For his contributions to the Daya Bay Reactor Antineutrino Experiment.
On Tuesday, June 26, join Dan Dwyer of Lawrence Berkeley National Laboratory (LBNL), who will give the 2012 Sambamurti Memorial Lecture, titled “The Trouble With Neutrinos,” in Berkner Hall. Refreshments will be served at 3 p.m. and the lecture will start at 3:30 p.m. This free talk is open to the public. Visitors to the Lab 16 and older must carry a photo ID.
In the abstract for his talk, Dwyer explains that neutrinos are considered the “ghosts” of the particle world, present everywhere but rarely seen. This elusive nature has been very troublesome for neutrino physicists, leading them to blame neutrinos for a whole host of problems in experimental physics, Dwyer continues. He will describe how these challenges have provided some great — and some not-so-great — results from neutrino experiments.
Dwyer’s recent work with the Daya Bay Reactor Anti-Neutrino Oscillation Experiment in China, which has recently made the first clear measurement of short-distance neutrino disappearance, will be included in the talk.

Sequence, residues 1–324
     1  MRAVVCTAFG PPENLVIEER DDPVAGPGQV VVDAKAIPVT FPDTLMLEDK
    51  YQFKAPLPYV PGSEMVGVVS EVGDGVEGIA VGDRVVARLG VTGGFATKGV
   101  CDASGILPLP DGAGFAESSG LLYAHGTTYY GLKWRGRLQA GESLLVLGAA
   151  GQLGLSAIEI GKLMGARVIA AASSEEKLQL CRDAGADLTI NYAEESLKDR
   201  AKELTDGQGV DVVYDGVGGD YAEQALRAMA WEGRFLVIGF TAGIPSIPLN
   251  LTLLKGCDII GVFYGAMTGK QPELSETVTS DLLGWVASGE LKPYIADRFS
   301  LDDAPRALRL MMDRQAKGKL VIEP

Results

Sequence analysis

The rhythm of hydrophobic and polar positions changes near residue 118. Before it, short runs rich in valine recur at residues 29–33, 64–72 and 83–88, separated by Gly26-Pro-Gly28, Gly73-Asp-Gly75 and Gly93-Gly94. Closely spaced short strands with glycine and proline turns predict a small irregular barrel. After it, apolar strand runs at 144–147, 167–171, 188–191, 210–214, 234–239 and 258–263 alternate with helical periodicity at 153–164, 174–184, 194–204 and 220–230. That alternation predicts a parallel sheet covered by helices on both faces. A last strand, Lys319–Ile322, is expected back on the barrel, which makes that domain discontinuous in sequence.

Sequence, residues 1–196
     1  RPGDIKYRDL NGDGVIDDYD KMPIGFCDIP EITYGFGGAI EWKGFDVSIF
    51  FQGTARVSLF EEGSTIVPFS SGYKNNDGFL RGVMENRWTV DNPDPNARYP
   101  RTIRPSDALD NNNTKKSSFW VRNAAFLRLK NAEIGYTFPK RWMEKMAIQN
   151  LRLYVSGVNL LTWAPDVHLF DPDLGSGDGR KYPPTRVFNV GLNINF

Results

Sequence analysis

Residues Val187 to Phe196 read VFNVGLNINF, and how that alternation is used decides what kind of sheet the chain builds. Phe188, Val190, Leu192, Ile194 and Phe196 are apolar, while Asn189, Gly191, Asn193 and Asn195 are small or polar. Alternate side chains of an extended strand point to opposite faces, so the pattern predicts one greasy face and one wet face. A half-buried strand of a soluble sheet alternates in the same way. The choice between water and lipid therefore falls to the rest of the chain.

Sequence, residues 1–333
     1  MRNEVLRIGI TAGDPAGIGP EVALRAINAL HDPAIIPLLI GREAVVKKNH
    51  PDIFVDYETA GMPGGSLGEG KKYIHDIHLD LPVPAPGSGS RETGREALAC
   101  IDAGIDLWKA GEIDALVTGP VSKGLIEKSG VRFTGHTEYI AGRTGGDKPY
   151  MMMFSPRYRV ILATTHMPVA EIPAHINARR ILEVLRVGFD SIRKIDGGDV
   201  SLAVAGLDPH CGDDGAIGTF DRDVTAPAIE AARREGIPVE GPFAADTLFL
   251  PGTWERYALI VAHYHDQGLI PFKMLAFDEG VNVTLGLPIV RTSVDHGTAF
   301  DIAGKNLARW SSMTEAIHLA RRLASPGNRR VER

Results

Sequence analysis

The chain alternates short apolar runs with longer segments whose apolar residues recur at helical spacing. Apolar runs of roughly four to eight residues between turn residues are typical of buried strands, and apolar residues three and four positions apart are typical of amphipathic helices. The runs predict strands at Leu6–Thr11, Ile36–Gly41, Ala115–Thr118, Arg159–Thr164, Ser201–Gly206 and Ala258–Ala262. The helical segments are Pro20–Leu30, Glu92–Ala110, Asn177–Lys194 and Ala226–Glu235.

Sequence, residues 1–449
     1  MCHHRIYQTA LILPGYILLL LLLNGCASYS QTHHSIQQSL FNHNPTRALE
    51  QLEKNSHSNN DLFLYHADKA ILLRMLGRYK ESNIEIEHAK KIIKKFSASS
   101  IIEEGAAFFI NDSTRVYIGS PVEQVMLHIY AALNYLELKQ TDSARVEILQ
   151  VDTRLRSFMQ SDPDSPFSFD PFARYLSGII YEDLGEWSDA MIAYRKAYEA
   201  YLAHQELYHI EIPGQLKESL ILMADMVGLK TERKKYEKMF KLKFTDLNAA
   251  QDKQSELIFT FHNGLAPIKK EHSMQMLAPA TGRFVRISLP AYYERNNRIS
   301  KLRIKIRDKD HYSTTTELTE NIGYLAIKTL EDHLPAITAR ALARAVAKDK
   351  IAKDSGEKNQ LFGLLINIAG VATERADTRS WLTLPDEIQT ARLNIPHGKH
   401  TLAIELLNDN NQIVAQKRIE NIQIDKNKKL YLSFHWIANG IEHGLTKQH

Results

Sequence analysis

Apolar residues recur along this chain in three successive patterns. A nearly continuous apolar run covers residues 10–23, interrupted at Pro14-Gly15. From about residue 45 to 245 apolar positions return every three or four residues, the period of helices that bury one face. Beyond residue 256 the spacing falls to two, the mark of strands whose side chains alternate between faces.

“These troublesome neutrinos can tell us about the inner working of stars and the evolution of the universe since the Big Bang, and may give us clues about the nature of dark matter, if only we can coax them to reveal their secrets,” Dwyer said.
Dwyer joined LBNL as a physicist project scientist in May 2012. From July 2007 to 2010, he held postdoctoral and senior postdoctoral scholar positions at the California Institute of Technology, also serving on the Daya Bay Analysis Committee and as coordinator for Daya Bay Antineutrino Detector commissioning. He earned his Ph.D. in physics from the University of California, Berkeley in 2007, supported by a National Science Foundation Graduate Research Fellowship from 2002 to 2005. Dwyer’s BS in physics was from the Massachusetts Institute of Technology in 2000, when he was also honored with the Orloff Award for Excellence in Physics Research. Before attending MIT, he held a United World College scholarship for two years of study in Italy from 1994 to 1996. He is a member of the American Physical Society.